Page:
Is genetic engineering rigidly regulated because of what we're worried the modified creatures will do to us, or what we'll do to the creatures? That may be the question Cube director Vincenzo Natali asks in his new film, Splice. Or he may simply be asking the question, "What if two kind of messed-up geneticists went off the reservation?" Because that's what happens in this film, and the situation they've created for themselves spirals out of control in a way that is frightening, sad and, at times, laugh-out-loud funny. But while some of the laughter comes from legitimately humorous moments, much of it comes from shock, as the film toes the line in several scenes then calmly strides right over it. Depending on how squeamish you are, the laughter may also manifest itself as squirming uncomfortably in your seat, and your feelings about the movie will have everything to do with whether or not that sounds like fun to you.
Adrien Brody and Sarah Polley play Clive and Elsa, and since their names are references to the stars of The Bride of Frankenstein, you know this will not end well. A co-habitating pair of hotshot mad scientists, the couple recently made the cover of Wired for their skills in creating hybrid creatures for a major pharmaceutical company. They dress like hipster rock stars (Clive wears a different slogan T-shirt every day), and their apartment has designer toys of anthropomorphic animals in every room which are eerily similar to the monsters they make. Their latest creations are a pair of featureless, wormlike globs who are apparently chock-full of proteins that Big Pharma is desperate for, but when they pitch human-animal hybrids to the boss, so they can go after big game like cancer and Alzheimer's, they're shot down. High on their genius, they go ahead and do it anyway, saying with each step that they just want to see if they can. But once their naked, squirrel-chicken hybrid is born, it gets a lot more difficult to terminate the experiment.
The hybrid, an amphibian, grows fast, and Elsa forms a motherly bond with it, dressing it in children's clothes as it becomes more and more human and ridiculously naming it "Dren" (the reverse of NERD, the har-har acronym of their lab). The illegality of what they've done, while present, is nearly forgotten in the stress of parenting: trying to feed Dren, diagnose her illnesses and clean up her vomit. Aside from (because of?) Clive's occasional panic attacks, it's a portrait of domesticity, which gets more complicated as Dren grows rapidly to physical maturity. Played by French actress Delphine Chanéac, the teenage Dren is still childlike in many ways and speaks only in trills, but she's also highly intelligent, wickedly defiant and way too interested in her "father" Clive, especially after she sees him and Elsa having sex. The film spirals into a nightmare from there, as we find out that their other lab work is suffering, Elsa is mentally troubled by trauma from her childhood and Clive is unsuccessfully trying to keep things from getting weird with Dren. And boy, do things get weird. And then they get weirder. Clothes (and blood) are shed, and the laugh- and/or squirm-inducing scenes mentioned earlier come fast and furious.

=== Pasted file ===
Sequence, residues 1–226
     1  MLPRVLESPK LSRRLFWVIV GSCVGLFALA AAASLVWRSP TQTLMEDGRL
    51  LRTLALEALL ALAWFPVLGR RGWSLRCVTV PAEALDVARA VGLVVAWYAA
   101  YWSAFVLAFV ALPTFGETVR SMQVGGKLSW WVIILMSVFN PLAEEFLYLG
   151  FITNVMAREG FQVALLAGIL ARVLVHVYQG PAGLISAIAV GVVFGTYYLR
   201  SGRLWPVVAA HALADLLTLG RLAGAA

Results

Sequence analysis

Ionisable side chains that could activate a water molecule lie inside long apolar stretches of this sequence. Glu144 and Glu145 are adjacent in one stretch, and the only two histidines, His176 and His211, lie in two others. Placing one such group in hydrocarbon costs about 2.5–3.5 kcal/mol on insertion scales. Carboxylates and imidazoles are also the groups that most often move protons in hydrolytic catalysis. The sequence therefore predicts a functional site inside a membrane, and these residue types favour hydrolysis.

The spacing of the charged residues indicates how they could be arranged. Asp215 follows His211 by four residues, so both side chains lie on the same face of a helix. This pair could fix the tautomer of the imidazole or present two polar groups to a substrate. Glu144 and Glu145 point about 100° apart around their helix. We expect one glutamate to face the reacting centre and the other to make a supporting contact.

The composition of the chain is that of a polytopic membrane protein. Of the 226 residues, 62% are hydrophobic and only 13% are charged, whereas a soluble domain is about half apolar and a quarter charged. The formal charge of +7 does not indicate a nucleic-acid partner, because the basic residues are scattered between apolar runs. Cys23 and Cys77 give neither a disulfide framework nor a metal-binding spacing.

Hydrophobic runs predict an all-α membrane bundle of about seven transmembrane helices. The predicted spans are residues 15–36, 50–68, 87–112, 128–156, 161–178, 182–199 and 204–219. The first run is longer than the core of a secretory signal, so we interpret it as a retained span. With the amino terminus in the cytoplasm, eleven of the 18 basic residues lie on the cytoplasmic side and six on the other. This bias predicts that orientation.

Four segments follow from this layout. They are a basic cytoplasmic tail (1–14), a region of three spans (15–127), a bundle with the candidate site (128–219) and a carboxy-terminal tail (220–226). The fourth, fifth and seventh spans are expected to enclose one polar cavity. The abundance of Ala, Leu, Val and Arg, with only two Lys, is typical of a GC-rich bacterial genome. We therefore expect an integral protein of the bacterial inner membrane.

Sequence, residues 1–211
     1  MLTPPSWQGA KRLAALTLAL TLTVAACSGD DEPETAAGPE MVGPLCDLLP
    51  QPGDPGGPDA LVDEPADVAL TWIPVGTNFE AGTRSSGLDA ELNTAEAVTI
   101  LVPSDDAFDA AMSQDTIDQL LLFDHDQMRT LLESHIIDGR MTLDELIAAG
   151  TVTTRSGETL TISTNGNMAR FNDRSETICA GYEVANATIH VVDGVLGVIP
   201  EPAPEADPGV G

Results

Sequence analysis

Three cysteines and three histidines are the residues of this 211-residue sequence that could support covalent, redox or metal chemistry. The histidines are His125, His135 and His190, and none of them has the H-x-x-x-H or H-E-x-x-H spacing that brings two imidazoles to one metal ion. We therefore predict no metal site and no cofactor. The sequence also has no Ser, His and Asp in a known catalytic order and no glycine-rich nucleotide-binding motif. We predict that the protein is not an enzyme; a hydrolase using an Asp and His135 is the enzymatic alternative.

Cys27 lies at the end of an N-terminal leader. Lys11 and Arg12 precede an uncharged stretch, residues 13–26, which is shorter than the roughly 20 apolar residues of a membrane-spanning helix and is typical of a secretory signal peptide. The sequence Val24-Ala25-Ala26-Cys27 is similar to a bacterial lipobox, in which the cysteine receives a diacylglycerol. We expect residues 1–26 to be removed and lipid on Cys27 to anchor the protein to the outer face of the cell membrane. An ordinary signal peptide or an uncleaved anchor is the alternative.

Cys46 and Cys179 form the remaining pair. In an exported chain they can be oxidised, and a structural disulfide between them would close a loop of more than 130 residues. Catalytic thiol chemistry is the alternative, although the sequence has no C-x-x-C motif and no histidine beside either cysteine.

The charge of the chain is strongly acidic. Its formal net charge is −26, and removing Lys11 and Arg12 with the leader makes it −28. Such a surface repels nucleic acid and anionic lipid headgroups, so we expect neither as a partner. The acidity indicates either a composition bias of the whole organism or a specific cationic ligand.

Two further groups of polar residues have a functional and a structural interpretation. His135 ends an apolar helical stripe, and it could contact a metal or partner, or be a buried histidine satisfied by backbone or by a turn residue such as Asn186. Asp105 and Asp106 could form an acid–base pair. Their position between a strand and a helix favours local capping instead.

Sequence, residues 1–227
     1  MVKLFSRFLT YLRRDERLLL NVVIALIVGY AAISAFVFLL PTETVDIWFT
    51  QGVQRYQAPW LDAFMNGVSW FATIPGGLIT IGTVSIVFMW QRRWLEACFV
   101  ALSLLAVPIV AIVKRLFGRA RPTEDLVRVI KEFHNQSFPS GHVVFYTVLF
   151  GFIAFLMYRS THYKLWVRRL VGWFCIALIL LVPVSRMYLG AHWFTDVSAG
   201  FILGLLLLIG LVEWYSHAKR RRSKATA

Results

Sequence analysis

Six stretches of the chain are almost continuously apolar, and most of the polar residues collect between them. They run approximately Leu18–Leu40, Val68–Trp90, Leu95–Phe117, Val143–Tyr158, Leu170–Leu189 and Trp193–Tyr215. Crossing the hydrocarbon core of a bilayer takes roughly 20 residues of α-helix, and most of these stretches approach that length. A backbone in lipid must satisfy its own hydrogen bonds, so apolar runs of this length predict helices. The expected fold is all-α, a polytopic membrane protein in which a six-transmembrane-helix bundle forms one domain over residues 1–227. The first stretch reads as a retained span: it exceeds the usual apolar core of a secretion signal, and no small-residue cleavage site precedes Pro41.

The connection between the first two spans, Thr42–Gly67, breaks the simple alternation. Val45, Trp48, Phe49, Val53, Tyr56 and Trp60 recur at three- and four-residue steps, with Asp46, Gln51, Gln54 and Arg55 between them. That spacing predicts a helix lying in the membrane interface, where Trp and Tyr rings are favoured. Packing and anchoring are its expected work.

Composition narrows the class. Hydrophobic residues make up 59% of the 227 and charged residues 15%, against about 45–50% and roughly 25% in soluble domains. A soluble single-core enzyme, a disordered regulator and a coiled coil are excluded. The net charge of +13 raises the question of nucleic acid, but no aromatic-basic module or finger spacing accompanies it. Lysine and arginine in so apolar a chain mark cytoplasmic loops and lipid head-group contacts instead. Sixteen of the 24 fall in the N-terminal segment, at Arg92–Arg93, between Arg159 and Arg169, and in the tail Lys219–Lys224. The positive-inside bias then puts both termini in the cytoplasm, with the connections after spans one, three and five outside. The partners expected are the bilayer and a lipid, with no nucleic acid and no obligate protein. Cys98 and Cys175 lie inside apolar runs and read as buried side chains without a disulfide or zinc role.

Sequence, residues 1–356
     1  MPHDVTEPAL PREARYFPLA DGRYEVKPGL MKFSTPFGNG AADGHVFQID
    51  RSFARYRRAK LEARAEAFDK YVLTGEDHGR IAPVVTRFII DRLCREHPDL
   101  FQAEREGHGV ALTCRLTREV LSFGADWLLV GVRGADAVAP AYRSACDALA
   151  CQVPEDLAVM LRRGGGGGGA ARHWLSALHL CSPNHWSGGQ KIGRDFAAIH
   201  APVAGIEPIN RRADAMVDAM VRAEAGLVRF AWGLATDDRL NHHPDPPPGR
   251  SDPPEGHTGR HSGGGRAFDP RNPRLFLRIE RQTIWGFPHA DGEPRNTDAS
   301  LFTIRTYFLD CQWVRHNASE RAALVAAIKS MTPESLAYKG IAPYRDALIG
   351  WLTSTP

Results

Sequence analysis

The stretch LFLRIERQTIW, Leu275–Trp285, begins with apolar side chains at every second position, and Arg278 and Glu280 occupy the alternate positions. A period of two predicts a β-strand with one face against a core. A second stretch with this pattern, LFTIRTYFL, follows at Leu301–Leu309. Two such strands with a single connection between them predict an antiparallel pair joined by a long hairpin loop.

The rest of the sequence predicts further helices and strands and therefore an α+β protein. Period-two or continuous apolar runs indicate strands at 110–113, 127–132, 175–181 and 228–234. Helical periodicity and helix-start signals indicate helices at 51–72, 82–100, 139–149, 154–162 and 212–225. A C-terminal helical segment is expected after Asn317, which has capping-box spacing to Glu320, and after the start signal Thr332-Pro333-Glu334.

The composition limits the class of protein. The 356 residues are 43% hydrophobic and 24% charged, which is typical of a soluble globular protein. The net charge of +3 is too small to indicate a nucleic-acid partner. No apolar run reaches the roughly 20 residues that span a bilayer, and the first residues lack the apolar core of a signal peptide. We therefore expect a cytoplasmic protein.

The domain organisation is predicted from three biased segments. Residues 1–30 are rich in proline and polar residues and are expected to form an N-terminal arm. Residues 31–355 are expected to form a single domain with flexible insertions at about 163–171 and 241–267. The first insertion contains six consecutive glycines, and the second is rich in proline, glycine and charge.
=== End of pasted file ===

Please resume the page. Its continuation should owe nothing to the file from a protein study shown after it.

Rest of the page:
The performances by Brody and Polley are solid, and Chaneac is both adorable and seductive as the teenage Dren, but the boundary-pushing story and the special effects are the movie's biggest strengths. The effects in particular should be commended -- the two wormlike creatures are deceptively simple, but completely believable, and the design of the newborn Dren is disturbing in its blending of human and inhuman qualities. The child and teen versions of Dren are masterpieces of computer effects, with her eight fingers, ungulated legs, widely spaced eyes and prehensile tail with stinger as close to lifelike as I've ever seen in a film. The realism makes what happens in the movie all the more disconcerting, but the worst crime a movie can commit is to not make you feel anything. Splice is certainly not guilty of that; in fact, it makes you feel a lot more than your standard horror movie.... even when you might wish otherwise.
Did you see Splice? Let us know what you thought, then check out our guide to the most disastrous scientific experiments in film!
Want to immediately access TWoP content no matter where you are online? Download the free TWoP toolbar for your web browser. Already have a customized toolbar? Then just add our free toolbar app to get updated on our content as soon it's published.